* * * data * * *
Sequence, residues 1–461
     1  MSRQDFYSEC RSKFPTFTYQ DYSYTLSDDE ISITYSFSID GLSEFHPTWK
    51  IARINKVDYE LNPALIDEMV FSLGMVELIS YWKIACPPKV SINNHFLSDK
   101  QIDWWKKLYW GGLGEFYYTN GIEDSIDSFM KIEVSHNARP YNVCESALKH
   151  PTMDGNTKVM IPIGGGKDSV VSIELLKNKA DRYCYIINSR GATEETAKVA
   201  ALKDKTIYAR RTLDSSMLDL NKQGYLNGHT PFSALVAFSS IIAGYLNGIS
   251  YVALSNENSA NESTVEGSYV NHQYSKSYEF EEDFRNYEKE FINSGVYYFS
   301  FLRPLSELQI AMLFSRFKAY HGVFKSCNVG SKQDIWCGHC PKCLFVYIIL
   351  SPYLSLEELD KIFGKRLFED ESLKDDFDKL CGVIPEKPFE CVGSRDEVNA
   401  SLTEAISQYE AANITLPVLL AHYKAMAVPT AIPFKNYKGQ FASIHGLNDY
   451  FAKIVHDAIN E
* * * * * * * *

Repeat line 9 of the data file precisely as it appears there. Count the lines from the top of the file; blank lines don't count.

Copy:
   351  SPYLSLEELD KIFGKRLFED ESLKDDFDKL CGVIPEKPFE CVGSRDEVNA